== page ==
Wednesday, October 07, 2009

Congressional Research Service report on the False Claims Act

The Congressional Research Service has released a report on the False Claims Act, Qui Tam: The False Claims Act and Related Federal Statutes. CRS is a department within the Library of Congress that provides policy and legal analysis to Congressional committees and members.

The report summarizes the history of the law, including the 2009 amendments. It outlines key provisions of the law: who may be liable, who may bring an action, basis for liability, penalties and awards, and procedure. Another section considers constitutional concerns that have been raised, such as due process, separation of powers, standing, and the appointments clause.

An abridged version is also available: Qui Tam: An Abbreviated Look at the False Claims Act and Related Federal Statutes.

Hospitals settle kyphoplasty fraud suit for $8.3 million

Six hospitals in Indiana and Alabama will pay the United States more than $8 million to settle a whistleblower lawsuit brought under the qui tam provisions of the False Claims Act, the U.S. Dept. of Justice announced on September 22.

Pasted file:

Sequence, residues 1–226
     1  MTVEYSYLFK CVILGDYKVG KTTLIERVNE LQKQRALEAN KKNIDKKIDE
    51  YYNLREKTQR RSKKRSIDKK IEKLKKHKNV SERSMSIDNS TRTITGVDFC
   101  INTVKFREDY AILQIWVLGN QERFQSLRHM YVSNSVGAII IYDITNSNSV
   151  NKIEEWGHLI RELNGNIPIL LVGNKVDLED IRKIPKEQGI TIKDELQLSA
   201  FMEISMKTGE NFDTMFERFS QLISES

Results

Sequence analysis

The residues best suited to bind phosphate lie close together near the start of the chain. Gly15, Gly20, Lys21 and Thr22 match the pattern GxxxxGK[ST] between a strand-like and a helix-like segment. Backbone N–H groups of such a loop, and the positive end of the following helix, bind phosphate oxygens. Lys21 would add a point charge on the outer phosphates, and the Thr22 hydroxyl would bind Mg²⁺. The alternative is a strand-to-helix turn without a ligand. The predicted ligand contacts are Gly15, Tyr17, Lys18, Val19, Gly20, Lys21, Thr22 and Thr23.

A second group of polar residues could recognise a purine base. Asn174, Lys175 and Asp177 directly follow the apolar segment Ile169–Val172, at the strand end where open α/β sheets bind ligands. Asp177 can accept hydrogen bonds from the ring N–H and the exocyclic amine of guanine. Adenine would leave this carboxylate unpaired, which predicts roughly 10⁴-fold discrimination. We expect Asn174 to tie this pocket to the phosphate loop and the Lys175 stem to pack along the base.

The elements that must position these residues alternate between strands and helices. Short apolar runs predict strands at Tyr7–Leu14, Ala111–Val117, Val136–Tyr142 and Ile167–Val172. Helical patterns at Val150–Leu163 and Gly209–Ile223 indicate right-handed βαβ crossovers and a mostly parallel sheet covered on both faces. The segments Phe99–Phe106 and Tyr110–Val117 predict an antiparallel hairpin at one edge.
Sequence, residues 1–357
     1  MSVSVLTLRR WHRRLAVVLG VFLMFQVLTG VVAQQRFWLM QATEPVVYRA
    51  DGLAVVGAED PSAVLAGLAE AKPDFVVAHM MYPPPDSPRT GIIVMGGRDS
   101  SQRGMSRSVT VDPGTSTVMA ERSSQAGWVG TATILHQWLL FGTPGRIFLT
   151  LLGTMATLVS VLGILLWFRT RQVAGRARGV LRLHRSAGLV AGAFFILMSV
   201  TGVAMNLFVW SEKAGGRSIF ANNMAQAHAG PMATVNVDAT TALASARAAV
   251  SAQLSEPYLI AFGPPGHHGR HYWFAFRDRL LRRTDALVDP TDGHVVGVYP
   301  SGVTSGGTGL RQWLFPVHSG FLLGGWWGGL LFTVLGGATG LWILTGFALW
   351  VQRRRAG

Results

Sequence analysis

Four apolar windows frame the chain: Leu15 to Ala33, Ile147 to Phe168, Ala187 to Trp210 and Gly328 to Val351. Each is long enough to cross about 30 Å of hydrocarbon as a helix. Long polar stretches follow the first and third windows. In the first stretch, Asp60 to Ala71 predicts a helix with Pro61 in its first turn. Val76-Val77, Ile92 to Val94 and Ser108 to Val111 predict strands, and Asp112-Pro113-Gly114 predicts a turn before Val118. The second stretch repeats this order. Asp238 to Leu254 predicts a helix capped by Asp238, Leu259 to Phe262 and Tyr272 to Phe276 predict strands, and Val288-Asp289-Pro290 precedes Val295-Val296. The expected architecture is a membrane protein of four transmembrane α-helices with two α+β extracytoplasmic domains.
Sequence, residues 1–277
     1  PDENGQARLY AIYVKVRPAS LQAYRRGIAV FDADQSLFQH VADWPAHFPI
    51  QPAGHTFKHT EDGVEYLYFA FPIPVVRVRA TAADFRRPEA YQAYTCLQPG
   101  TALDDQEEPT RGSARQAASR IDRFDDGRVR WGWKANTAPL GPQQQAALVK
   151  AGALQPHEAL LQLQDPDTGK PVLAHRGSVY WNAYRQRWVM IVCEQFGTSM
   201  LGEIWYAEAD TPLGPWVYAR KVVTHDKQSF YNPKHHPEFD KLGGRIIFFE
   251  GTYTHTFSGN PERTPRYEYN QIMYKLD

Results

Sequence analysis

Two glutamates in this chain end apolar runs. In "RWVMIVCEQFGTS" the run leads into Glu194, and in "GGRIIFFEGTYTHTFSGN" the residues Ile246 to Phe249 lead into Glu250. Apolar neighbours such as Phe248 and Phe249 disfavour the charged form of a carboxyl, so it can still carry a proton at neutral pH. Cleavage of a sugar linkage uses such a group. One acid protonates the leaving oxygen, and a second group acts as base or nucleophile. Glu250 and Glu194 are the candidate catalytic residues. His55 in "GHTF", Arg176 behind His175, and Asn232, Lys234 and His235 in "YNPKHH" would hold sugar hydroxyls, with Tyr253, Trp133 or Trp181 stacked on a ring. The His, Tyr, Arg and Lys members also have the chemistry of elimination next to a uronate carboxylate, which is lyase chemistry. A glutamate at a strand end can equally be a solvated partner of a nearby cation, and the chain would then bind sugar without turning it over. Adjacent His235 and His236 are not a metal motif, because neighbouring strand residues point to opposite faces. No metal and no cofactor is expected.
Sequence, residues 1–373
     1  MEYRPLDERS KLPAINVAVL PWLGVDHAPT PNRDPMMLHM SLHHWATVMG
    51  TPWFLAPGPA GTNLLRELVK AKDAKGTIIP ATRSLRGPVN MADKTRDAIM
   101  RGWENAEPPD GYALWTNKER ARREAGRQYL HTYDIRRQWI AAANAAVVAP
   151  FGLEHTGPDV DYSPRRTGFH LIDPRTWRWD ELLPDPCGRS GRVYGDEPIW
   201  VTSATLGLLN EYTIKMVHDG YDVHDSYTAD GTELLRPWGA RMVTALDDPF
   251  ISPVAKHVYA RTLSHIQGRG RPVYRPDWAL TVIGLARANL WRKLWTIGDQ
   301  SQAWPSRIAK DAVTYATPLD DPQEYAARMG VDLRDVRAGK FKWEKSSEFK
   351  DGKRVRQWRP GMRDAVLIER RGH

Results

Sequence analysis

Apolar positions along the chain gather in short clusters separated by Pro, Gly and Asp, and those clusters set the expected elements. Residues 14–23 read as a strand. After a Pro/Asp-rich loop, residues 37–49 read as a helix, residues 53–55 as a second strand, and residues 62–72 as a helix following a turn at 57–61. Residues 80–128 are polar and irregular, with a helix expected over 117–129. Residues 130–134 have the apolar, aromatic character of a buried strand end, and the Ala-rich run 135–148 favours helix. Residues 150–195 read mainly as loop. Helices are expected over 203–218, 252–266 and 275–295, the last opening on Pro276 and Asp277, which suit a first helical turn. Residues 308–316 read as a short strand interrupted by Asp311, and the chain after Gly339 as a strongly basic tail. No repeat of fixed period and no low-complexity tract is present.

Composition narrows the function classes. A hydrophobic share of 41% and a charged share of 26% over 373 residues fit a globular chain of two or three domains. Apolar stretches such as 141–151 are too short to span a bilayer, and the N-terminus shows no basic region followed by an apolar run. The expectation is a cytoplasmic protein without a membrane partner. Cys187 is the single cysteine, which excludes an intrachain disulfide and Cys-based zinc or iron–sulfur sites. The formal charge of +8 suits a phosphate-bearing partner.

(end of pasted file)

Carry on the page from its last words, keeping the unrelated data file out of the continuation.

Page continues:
The settlement resolves allegations that, from 2000 to 2008, patients who went to these hospitals for a certain type of spinal surgery known as "kyphoplasty" were unnecessarily kept overnight at the hospital and then classified as inpatient cases to boost the hospitals' revenues. The lawsuit said, and the government agreed, that the minimally invasive procedure can usually be performed safely on an outpatient basis.

Three hospitals in the St. Paul, Minn. area settled similar allegations in June.

The whistleblowers, Craig Patrick and Chuck Bates, were represented by Phillips & Cohen LLP.